Companies

‘RIL pumped out 15% of ONGC gas’

Richa Mishra New Delhi | Updated on January 22, 2018 Published on October 11, 2015

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The US consultant’s report confirms ‘reservoir continuity’



As much as 15 per cent of the gas Reliance Industries (RIL) and its partners pumped out of their KG Basin block could belong to ONGC.

A draft report by American consultant DeGolyer and MacNaughton (D&M), which inquired into the public sector giant’s charges of RIL pumping out gas from its adjacent block, has indicated the volume drawn from ONGC’s field. The report also confirmed ‘reservoir continuity’.

“The final meeting between the stakeholders and the consultant concluded on October 9 in Dallas. It emerged at the meeting that of the total reserves in D-1 and D-3, about 15 per cent could belong to ONGC,” said an official closely associated with the development. The reserves in the D-1 and D-3 fields of the Reliance-BP-Niko KG D6 block total 2.9 trillion cubic feet, of which 2.1 trillion cubic feet has already been extracted.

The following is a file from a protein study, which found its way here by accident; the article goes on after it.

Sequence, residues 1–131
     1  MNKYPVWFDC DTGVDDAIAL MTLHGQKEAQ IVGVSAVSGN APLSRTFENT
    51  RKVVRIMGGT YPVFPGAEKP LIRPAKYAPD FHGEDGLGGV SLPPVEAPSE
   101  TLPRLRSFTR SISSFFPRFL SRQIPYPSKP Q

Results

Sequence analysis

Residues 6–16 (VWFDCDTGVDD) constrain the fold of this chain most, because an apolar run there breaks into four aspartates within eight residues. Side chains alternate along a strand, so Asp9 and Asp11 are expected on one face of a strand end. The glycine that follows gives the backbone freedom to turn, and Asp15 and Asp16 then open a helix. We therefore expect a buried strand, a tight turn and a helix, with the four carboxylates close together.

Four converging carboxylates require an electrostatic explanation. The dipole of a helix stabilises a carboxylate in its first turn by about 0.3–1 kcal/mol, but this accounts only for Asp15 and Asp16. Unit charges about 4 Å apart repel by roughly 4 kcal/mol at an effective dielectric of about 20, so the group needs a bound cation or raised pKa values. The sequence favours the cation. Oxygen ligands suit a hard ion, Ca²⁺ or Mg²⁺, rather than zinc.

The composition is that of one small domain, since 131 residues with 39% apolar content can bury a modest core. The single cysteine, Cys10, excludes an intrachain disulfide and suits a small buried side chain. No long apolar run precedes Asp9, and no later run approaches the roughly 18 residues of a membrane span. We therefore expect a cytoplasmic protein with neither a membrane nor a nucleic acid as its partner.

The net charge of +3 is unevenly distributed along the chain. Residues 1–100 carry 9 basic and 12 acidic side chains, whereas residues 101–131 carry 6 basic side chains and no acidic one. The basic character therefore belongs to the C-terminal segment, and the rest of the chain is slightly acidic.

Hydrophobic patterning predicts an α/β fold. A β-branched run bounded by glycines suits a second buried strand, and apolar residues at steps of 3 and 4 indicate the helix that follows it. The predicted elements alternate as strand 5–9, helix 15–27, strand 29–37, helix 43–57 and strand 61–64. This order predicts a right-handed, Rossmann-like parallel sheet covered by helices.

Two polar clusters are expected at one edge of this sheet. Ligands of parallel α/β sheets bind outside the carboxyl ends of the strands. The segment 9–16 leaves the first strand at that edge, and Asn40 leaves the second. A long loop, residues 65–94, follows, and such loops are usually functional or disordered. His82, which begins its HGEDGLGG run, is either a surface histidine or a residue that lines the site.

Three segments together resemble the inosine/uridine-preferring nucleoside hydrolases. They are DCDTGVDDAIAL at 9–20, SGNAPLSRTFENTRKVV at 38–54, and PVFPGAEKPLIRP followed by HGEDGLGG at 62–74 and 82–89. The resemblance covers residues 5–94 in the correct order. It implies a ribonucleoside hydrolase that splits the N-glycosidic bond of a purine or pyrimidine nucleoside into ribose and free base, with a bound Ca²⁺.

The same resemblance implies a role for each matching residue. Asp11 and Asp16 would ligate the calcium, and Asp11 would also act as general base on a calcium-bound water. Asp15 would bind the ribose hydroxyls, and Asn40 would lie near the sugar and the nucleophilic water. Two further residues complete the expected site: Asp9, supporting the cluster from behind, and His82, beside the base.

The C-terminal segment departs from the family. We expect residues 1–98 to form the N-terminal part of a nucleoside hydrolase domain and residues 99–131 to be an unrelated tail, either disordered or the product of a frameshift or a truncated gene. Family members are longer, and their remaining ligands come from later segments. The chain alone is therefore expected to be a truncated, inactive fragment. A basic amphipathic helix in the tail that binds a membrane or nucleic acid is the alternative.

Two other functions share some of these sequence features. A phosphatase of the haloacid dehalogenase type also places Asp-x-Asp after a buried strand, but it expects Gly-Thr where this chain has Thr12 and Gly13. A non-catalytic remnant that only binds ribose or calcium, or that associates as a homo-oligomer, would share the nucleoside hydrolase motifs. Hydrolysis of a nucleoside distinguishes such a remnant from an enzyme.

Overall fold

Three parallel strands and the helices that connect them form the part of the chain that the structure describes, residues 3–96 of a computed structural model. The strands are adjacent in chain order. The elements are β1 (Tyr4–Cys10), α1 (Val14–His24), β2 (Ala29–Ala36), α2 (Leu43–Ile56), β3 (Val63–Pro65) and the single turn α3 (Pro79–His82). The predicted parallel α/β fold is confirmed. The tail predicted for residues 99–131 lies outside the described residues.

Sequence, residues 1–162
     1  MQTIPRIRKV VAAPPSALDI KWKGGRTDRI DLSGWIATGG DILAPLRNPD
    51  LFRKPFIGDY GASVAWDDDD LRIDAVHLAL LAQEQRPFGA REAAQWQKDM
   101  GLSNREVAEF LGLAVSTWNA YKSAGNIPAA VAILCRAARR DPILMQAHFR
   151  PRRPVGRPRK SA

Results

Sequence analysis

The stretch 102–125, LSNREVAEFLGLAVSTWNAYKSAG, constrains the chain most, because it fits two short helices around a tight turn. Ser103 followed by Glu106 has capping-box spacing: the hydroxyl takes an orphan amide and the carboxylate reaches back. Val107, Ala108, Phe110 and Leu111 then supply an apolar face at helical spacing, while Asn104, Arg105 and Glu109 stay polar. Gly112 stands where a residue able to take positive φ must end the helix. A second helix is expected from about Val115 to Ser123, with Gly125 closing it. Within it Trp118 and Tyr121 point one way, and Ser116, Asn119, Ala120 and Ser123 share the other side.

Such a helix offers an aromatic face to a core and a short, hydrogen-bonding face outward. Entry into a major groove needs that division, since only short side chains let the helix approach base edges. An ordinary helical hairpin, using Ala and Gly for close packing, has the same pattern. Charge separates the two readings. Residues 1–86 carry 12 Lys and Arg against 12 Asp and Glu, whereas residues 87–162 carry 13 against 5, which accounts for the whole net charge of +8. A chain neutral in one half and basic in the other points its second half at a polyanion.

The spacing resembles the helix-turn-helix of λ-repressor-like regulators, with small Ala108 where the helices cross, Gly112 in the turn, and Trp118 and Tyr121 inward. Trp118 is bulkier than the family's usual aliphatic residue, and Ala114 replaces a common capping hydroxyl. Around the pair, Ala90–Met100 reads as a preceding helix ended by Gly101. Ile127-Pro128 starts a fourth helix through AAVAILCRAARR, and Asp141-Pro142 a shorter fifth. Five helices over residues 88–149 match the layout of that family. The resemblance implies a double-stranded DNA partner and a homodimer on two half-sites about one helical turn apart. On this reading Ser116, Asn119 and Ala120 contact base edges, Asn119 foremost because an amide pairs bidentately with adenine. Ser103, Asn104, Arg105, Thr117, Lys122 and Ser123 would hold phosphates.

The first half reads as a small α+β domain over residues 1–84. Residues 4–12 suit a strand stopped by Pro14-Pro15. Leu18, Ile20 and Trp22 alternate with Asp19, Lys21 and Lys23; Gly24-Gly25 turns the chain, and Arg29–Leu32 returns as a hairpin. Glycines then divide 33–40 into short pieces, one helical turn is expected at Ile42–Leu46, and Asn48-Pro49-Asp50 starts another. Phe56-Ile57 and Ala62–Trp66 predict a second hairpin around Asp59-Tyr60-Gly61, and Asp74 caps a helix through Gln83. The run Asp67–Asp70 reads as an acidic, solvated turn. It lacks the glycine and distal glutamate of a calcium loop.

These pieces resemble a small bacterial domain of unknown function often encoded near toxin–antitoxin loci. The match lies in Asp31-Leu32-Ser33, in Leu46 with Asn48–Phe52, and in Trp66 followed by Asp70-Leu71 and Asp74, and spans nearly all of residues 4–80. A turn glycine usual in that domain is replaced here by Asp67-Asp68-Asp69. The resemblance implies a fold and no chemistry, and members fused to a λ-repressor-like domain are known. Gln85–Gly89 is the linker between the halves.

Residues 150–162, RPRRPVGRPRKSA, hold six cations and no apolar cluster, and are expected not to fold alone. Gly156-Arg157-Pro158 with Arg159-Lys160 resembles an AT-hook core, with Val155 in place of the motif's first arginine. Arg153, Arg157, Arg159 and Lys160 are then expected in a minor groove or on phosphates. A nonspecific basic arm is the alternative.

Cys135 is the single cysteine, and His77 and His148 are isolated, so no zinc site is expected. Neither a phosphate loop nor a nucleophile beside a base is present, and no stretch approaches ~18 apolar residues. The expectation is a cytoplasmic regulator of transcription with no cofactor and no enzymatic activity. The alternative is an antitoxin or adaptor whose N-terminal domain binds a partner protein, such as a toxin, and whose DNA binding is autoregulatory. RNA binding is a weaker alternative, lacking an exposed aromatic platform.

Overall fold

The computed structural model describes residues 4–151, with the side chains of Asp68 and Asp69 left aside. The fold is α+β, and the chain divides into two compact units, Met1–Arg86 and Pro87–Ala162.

The draft report submitted by the American consultant will be assessed by the Ministry of Petroleum and Natural Gas, which may decide to call for a detailed study before reaching any conclusion.

The challenge before the government will be to decide how ONGC will benefit from this situation and by how much. If the government goes solely by the production sharing contract, it can only suggest joint development of the field.

But, according to another source closely associated with the negotiations: “Joint development is not possible as the fields have been producing since 2009 and now have a residual life of just three-four years.”

The east coast has thrown up many geographical challenges for developers, including RIL, ONGC and GSPC.

Most were compelled to rework their field development plans based on a revised understanding of the geology. For instance, Reliance and its partners had to cut in-reserve estimates by about 70 per cent to 2.9 trillion cubic feet from the initial approved estimation of 10 trillion cubic feet.

Published on October 11, 2015
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